I probably should have contributed something to the recent discussion of B minor Mass recordings, as I've listened to almost all recordings of that work in the past few years, as part of my doctoral research. For the moment, however, I just want to mention three favourite recoridngs which were not mentioned by previous correspondents. The first one (or rather two) are the recordings by Eugen Jochum. His second, EMI recording is actually my favourite "modern instruments" recording of the Mass (yes, even ahead of Richter: I love many of Richter's other BAch recordings, but I have never warmed to his studio B minor Mass; I actually prefer the freer, more moving -- in several senses -- live 1969 recording, but that has several imperfections which are likely to annoy most listeners on repeated hearings). Anyway, back to Jochum: I find his B minor Mass, generally speaking, warmer and more moving than most other "modern" recordings; and given teh type of forces he used, he achieved quite remarkable clarity. There are fine moments in both of his recordings, but I ultimately prefer his EMI version, mainly because the choral singing is more clear and secure.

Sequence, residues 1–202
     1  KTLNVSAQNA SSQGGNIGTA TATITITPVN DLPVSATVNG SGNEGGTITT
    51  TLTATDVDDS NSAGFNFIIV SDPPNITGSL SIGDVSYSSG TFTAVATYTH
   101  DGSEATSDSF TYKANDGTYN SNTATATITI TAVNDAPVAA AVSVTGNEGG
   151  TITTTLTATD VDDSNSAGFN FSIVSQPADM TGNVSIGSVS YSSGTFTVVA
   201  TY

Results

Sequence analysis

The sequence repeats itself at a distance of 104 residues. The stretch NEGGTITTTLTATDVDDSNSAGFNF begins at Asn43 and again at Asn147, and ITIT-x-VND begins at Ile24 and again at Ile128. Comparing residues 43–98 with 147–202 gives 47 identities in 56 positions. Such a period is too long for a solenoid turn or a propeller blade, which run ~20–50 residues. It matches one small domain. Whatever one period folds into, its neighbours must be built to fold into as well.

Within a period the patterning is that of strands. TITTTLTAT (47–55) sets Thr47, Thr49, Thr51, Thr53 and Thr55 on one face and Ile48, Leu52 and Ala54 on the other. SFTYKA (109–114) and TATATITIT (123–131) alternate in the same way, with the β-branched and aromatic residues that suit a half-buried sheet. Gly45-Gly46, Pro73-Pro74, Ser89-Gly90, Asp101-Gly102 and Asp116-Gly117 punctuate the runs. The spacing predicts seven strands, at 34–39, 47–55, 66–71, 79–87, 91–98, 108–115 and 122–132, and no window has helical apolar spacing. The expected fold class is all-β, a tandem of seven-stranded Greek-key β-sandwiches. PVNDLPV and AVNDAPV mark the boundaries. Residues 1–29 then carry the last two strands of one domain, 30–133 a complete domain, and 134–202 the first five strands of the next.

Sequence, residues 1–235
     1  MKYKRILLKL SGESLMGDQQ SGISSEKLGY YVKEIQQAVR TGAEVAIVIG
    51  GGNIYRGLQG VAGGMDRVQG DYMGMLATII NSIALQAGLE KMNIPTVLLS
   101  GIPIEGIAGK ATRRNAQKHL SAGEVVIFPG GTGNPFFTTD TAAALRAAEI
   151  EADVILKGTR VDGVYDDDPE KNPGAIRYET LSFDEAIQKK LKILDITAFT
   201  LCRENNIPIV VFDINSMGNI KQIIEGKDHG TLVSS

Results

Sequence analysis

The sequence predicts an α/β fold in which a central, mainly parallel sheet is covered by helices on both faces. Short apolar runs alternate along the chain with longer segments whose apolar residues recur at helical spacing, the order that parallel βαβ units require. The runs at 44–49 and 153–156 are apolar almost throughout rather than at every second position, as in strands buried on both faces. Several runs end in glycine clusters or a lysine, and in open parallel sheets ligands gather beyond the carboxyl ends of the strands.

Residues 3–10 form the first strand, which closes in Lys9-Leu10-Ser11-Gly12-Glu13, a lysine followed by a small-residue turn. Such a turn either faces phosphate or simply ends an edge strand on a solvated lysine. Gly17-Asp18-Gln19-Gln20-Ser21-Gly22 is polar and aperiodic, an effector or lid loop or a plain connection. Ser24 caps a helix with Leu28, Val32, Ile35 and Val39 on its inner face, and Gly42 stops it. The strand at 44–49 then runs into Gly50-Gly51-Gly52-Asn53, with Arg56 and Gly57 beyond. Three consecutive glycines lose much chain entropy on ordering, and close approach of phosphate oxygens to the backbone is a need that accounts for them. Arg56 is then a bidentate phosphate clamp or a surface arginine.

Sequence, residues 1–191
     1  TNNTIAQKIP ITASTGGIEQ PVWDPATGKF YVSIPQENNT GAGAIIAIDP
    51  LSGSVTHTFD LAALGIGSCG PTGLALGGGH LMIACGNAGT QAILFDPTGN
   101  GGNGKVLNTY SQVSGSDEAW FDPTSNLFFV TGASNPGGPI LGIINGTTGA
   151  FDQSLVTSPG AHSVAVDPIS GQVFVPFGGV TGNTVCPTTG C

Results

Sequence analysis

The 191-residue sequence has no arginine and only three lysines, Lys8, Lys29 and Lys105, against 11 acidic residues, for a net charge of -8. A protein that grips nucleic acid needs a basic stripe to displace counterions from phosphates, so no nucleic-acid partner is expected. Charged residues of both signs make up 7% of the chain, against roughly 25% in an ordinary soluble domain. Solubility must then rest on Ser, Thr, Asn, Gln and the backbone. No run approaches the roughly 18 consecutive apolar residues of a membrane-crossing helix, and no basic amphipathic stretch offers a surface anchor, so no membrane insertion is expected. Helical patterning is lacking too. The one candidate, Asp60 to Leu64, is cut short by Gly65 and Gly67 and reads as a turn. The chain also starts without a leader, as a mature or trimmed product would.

Then there are two HIP recordings. Richard Hickox is not a conductor who's done a lot of BAch on record, but I really love his B minor Mass (on Chandos, with Collegium Musicum '90 -- mistakenly described on the Bach Cantata website as being OVPP). As I try to describe its virtues, the words that come into my mind smack of "damning with faint praise" -- it's one of those recordings that can be described as "safe" recommendation, avoiding obtrusive mannerisms. But there is more to it than that, I believe. I feel that Hickox is almost always succesful at striking the right balance, providing a nuanced interpretation that doesn't draw much attention to his own contribution, yet not descending into under-interpretation (that's my view; at any rate; I know some critics have accused Hickox of this very fault). Polyphonic lines are usually clear; orchestra and chorus are placed more-or-less on an equal footing (this has led some reviewers to criticse the recording for placing the orchestra too forward -- I can see their point of view, but I don't share it). Also, Hickox is great at generating a subtle sense of momentum -- it's not an obvious "strive for climax", but rather a more subtle, natural-seeming way of delineating a movement's structure, in a way which is both dramatically and architecturally satisfying.